A large number of people who purchase a camera for the first time start with shooting random objects from their surrounding, flowers or go to some nice place to capture the sunset. However, there are also those who are instantly drawn to photographing people and on this occasion, we will share some of Abes of Maine tips and guides for creating stunning portrait photography.
Shooting portrait has its own rules, as well as all other areas in photography. Although photos for ID documents can also be considered as portraits, frontal face display where one can clearly see both ears and part of the chest is not the thing we are trying to accomplish with portrait photos. In a broad sense of the word, all photos showing a person can be considered as portraits. With around 5000 visitors per day and over 40 years of existence, we can only imagine just how many photos have passed through the hands of Abes of Maine workers. Every photo is beautiful in its own way, but most often the most striking photos are exactly portraits. A portrait should tell a story, create a certain level of mystery or expose some memories.
From altering your perspective as a photographer to experimenting with lighting and shooting candidly, there are so many things that can add a little spice to your portraits. Most photographers, loyal customers to Abes of Maine have sharp focus as an ultimate objective to achieve in their work. But sometimes it is exactly the opposite, lack of focus, which can create shots with real emotion, mood, and interest. When it comes to taking unfocused images that work, Abes of Maine, which was a part of The White House Photographer's Dinner, offers two main strategies: to either focus on one element and leave your main subject blurred, or leave the full image out of focus. Because portraits can often be so static, by introducing some movement you can energize and enliven your portraits.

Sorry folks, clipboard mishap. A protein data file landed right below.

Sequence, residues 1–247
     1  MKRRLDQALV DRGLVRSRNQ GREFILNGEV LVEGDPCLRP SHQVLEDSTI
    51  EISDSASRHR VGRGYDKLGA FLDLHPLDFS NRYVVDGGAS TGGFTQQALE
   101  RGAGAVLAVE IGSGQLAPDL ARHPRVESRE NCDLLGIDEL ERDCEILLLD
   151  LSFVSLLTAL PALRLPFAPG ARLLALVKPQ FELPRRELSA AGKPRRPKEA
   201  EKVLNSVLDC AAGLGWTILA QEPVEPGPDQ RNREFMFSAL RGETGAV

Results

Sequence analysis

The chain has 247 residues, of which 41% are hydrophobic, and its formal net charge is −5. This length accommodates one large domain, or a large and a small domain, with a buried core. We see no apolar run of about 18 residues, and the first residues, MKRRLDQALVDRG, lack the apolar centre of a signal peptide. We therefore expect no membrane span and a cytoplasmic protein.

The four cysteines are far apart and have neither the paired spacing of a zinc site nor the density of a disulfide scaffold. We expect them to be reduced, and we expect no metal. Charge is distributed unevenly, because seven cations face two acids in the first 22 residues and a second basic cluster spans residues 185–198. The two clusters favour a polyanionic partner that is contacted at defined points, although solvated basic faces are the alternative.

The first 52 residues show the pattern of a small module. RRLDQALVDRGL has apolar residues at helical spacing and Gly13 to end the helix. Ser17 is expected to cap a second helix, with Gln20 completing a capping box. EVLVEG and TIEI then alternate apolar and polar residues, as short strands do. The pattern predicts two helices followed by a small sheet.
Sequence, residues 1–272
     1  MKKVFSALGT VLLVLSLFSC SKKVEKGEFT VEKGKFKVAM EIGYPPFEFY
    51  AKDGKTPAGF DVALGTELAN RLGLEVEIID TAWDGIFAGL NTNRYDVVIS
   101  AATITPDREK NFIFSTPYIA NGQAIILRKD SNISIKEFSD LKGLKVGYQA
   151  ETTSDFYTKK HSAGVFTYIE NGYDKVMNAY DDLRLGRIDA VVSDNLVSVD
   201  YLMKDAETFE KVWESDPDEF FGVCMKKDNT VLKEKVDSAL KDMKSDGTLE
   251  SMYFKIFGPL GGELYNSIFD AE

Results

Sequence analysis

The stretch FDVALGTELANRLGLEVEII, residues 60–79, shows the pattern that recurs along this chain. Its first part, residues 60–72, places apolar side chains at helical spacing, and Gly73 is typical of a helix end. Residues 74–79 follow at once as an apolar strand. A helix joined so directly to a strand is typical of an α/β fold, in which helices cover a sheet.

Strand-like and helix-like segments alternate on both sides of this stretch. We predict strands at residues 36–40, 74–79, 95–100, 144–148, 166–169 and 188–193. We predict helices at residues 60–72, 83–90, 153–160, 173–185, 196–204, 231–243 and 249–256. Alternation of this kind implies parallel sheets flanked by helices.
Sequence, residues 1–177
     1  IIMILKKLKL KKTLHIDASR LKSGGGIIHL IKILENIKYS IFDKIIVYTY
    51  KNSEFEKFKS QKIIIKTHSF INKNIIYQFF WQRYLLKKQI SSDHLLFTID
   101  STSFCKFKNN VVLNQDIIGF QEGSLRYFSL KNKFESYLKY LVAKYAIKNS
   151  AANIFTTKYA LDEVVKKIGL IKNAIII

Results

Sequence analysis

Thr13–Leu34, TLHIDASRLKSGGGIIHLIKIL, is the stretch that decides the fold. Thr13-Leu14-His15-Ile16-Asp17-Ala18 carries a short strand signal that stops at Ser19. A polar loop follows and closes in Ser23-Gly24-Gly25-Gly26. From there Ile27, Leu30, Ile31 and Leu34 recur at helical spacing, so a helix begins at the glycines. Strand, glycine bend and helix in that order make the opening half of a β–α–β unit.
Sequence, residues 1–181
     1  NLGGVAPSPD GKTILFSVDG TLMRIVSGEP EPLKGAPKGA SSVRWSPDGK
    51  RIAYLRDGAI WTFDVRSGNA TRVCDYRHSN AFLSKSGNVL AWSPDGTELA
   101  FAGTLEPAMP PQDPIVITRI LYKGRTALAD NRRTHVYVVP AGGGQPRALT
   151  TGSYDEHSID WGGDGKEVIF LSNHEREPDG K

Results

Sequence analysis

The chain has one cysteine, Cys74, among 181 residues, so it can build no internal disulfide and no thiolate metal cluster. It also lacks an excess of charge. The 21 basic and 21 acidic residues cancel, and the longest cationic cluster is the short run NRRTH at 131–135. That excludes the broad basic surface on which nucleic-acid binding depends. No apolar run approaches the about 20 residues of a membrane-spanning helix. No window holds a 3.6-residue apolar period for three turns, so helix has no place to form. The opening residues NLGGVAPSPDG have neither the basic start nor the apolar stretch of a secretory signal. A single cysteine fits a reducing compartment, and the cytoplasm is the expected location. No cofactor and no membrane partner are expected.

Framing is another technique suggested by our trusted experts, where you draw attention to one element of the image by framing it with another element. This gives the image depth, and it immediately draws the eye of the viewer to the point of interest in the image.
Abes of Maine points out that, besides of the quality of the camera, choosing the right lenses is also an important key.